That was the first major change I had made. The second would come when I sat down and really evaluated whether I wanted to be a doctor. Throughout high school, I went back and forth on what I wanted to do with my life. There was a time that I wanted to be an engineer; there was a time that I wanted to be a physical therapist; there was a time that I wanted to be a teacher. However, one occupation that others kept recommending to me was pediatrician. They felt that, because I was smart and liked working with kids, being a pediatrician would be  perfect  for me, and that pushed me to make this my new dream.

What it took me so long to realize was that I wasn’t studying to become a doctor because I wanted to — I was doing it because everyone else thought I should — and that was reflected in my general disinterest and subpar performances in the classes I was taking. Once I realized this, I was able to look within myself and find what motivates me and where my interests lie, which is what led me to my new pursuit of public health and economics. 

I was no longer studying to become a doctor, but I was still able to play football, right? Well, not for much longer. It was in early September of my sophomore year that I suffered my third concussion, and, after consulting my doctor and my family, I had to hang up the cleats and stop playing. Within two years, I had changed my major, been forced to stop playing football and almost transferred schools. Not exactly how I imagined my first year and a half of college going, but it was also what I needed. 

I had to do a lot of soul searching to come to grips with a lot of change in my life, but what used to scare me became something that excited me. For the first time in several years, I was no longer just a football player who wanted to be a doctor, I was able to become someone else, and without the constant pressure of teachers or coaches back home, I was able to do become someone I wanted to be.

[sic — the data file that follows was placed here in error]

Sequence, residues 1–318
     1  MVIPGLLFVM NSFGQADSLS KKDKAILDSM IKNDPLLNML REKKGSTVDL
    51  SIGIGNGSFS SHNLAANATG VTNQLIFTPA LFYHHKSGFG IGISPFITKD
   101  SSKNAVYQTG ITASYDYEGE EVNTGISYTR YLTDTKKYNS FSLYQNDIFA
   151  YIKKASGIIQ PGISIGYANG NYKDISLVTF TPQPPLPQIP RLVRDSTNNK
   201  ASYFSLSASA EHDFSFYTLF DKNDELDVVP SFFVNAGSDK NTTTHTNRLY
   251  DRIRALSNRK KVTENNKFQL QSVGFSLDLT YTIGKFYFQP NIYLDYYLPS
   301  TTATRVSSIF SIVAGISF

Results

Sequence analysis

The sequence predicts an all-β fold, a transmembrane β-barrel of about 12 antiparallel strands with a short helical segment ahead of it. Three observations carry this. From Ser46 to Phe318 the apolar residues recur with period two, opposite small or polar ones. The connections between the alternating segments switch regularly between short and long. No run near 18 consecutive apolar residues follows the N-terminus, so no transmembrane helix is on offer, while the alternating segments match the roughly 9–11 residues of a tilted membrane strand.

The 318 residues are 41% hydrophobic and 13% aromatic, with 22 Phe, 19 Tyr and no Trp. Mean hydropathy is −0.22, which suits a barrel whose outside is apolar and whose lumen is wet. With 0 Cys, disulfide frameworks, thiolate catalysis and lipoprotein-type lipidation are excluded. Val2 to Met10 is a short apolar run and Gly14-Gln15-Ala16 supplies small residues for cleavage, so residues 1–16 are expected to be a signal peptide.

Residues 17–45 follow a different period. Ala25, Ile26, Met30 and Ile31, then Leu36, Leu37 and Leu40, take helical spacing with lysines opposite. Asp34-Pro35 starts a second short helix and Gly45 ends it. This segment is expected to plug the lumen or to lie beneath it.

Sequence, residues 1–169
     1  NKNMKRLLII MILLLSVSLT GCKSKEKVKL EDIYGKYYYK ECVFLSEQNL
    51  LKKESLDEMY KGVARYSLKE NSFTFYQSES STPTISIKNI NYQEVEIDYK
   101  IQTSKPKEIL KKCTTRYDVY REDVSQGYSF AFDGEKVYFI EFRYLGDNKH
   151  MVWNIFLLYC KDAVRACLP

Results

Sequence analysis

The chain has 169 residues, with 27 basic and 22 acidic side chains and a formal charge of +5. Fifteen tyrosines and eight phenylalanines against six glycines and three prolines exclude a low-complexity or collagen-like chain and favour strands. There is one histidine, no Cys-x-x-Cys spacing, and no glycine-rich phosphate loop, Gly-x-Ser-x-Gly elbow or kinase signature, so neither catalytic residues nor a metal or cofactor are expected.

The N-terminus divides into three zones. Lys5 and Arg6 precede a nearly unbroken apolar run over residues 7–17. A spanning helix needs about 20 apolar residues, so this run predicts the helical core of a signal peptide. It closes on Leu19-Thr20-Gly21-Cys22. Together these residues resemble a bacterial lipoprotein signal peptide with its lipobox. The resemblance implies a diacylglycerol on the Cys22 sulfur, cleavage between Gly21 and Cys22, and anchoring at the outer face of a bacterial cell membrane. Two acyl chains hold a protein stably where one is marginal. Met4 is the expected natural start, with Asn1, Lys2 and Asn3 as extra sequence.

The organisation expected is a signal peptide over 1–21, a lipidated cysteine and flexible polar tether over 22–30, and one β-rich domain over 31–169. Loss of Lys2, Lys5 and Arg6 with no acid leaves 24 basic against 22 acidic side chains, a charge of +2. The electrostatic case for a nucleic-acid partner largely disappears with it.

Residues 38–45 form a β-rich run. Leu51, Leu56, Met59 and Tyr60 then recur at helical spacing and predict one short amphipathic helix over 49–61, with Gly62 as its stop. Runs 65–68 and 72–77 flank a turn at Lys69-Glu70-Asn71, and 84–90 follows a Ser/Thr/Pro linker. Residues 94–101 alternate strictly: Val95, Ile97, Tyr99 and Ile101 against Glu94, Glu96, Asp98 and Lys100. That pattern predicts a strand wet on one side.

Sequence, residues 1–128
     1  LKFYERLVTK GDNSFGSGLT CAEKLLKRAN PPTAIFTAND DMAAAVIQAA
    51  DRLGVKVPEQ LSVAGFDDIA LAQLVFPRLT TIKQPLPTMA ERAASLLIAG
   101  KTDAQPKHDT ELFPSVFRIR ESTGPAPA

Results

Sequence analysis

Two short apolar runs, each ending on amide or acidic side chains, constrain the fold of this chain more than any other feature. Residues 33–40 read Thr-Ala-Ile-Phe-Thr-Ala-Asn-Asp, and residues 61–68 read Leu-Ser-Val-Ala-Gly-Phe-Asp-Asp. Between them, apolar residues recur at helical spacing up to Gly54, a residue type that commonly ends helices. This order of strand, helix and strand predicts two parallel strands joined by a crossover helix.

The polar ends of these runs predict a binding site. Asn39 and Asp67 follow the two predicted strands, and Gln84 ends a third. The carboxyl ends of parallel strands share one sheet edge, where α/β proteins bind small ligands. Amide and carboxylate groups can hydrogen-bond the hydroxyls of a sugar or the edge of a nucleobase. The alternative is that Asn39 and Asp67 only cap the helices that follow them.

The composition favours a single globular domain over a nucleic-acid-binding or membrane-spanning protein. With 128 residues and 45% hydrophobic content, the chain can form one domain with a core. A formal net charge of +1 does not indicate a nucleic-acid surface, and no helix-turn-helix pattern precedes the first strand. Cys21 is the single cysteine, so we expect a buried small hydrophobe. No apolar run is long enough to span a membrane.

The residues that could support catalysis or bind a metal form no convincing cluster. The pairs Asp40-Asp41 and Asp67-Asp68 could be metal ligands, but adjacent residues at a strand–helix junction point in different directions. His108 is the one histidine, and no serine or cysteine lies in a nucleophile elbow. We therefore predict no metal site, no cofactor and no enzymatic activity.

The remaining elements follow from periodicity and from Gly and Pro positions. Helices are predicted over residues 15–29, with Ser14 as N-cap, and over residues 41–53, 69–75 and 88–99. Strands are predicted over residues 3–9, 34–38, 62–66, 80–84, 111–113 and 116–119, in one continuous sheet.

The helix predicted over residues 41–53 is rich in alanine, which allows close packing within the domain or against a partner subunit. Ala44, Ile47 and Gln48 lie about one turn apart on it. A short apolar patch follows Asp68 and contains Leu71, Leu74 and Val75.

I consulted my parents and my friends a lot during this transition period, but one thing that my family emphasized to me was to make sure that, whatever I decided to do, I did it for myself and nobody else. They knew that I had been trying to appease everyone else and that this next stage of my life would be something I needed to do on my own. 

Now here I am, a Public Health and Economics major who helps to coach football and I’m feeling the best I’ve felt. I talk to my friends and family from home frequently, but I’ve been able to break out of my shell and meet new people on campus. I’m not the same person that I was when I came to Hopkins on Aug. 11 in 2016, and that’s a good thing. 

I’m happier now. I feel more fulfilled now. I’m me now. Change can be something terrifying, or it can be something that allows you to find out who you really are, but you can only find out if you accept its inevitability and embrace it. It’s not the same for everyone. Maybe it’s a haircut or a change in perspective, but no matter what college — or life — brings you, be willing to embrace change and discover who you are.